Tech week: yay or nay?

By Megan McGregor
NEWS Reporter


Arduous, exciting, and rewarding,” are three words that commonly come to mind when the phrase “tech week” is mentioned in a sentence. Tech week, for those who haven’t experienced the intense process yet, is the week directly before a major performance, such as the Pop’s Concert, musical, and/or dance concert.


“To be completely honest, it is both the best and worst week of my life,” said Stony Batter member Priscilla Wadlington ’20. “I love that I get to spend quality time with my fellow cast mates as we wait for several hours backstage, but I also find the schedule really challenging, considering I am a day student,” she added.


Tech week normally consists of doing as much work as possible during afternoon study hall, running through every single lighting cue in the performance at least a dozen times, and long nights where you sometimes get back to the dorm after lights-out. “The hardest part of tech week is definitely finding a way to manage both school work with the production,” remarked Rose Potter ’21, having just experienced her first dance tech week recently. “We try the best we can to give 100 percent of ourselves during tech week, which often results in a fluctuation of our school work. Thankfully, teachers are really understanding and willing to extend deadlines.”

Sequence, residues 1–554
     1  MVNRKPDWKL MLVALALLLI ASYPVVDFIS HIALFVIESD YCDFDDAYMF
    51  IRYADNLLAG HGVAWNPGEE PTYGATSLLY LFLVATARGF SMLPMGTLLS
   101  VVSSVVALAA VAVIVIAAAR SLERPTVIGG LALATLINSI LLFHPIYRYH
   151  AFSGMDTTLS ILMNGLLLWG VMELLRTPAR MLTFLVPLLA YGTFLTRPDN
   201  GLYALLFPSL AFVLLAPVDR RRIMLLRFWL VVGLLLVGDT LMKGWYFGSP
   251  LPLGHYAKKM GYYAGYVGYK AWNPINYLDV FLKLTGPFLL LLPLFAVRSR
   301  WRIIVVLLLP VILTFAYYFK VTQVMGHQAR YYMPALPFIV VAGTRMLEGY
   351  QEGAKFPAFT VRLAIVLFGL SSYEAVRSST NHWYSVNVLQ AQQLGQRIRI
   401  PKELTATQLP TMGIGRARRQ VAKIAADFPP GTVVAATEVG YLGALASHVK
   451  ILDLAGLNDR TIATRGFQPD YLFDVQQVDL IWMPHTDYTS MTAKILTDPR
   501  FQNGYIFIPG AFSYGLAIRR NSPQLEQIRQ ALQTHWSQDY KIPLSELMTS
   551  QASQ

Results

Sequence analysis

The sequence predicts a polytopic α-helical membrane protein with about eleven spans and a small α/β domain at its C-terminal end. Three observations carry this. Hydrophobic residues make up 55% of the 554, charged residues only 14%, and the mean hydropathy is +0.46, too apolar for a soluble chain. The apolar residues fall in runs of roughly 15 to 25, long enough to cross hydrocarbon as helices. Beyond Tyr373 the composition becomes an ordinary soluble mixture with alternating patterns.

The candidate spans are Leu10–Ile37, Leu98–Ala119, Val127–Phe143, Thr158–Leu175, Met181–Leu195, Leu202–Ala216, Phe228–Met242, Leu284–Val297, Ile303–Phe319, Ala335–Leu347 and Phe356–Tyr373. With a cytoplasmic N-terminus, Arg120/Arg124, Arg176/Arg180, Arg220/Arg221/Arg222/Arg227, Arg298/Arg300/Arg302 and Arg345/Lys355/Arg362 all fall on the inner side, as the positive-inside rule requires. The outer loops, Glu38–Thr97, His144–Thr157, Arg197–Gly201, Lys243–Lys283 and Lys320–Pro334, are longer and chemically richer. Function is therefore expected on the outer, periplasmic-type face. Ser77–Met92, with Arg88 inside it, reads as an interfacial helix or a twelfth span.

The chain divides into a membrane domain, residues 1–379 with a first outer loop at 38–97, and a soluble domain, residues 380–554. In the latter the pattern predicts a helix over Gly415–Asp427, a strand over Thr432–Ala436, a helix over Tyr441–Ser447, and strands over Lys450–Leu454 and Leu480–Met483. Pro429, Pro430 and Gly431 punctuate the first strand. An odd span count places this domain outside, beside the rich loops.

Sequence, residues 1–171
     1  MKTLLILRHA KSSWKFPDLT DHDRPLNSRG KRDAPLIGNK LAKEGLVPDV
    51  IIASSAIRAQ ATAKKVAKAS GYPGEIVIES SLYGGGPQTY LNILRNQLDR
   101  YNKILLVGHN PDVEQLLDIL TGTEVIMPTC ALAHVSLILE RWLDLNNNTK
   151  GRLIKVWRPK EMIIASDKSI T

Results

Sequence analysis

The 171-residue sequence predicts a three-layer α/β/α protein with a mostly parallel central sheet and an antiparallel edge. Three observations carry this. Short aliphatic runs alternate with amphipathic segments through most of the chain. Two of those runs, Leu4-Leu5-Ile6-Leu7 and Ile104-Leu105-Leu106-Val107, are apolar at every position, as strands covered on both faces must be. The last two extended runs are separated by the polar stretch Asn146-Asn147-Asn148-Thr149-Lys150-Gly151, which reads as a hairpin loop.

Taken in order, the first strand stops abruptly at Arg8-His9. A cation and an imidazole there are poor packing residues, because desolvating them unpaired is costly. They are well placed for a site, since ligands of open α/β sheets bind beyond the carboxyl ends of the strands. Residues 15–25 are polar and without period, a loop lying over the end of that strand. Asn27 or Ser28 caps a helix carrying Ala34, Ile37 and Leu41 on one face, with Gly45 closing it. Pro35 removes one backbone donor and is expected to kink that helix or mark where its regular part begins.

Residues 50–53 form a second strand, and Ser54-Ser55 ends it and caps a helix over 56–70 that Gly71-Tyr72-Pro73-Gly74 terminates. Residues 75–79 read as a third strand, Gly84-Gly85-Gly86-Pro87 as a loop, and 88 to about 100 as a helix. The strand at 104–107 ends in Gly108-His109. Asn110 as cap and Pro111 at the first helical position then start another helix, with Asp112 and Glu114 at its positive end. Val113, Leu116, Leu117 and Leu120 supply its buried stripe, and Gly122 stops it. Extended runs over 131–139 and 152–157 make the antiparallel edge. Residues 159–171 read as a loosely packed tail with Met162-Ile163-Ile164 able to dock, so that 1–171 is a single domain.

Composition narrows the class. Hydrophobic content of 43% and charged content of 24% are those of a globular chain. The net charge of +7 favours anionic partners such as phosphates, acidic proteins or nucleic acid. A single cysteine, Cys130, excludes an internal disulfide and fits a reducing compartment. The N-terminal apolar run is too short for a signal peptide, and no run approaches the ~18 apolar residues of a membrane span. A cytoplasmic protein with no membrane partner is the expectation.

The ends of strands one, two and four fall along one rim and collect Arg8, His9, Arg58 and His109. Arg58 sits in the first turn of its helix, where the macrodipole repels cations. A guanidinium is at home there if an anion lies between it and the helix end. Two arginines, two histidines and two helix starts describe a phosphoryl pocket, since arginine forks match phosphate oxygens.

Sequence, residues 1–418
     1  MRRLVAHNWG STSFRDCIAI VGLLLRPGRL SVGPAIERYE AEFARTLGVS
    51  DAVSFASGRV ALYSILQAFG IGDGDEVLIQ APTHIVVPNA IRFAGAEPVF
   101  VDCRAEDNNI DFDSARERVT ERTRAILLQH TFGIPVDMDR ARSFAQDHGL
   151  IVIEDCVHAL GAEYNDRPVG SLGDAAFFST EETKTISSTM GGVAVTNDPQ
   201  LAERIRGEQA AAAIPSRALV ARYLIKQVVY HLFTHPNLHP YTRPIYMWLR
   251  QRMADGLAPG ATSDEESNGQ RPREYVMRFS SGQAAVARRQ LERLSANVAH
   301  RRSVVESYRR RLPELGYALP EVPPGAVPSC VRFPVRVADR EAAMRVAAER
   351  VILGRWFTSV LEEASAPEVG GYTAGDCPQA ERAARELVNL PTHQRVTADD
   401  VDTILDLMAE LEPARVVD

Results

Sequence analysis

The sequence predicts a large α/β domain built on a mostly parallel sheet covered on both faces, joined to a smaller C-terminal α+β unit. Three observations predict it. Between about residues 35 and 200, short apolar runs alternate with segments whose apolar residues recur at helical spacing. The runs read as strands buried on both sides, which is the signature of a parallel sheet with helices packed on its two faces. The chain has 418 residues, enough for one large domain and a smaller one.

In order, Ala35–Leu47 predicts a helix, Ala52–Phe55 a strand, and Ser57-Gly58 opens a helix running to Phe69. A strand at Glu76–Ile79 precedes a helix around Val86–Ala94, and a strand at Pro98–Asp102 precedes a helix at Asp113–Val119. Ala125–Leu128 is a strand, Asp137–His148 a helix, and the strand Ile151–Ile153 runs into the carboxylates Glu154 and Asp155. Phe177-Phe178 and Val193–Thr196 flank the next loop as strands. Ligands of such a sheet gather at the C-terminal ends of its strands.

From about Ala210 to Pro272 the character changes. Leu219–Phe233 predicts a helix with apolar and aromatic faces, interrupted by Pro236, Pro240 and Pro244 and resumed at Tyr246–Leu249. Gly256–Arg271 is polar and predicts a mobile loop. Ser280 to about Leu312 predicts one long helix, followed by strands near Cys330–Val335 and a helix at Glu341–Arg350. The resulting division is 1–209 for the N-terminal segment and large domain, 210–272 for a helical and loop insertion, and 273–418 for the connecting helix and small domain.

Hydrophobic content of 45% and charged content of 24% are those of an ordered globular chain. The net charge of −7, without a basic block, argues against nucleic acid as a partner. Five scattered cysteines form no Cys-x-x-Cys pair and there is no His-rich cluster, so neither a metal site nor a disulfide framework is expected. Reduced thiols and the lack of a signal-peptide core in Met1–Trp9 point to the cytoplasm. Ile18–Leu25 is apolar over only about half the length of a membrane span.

As difficult as it can be sometimes, tech week is essential because it is when each performance really comes together. “During tech week for the musical, it’s very evident how much confidence each actor gains because they finally feel as if the show is ready to be seen by the community,” said Grace Bennett ’19.


One of the best things about tech week is how strong the bond between students becomes because they are constantly with each other; students support and encourage each other throughout the process, which results in a stronger performance as well as a very positive and memorable atmosphere. “As much as we all joke about tech week being ‘hell week’ it truly is a great experience, and I wouldn’t want to do any performance without it,” concluded Bennett.

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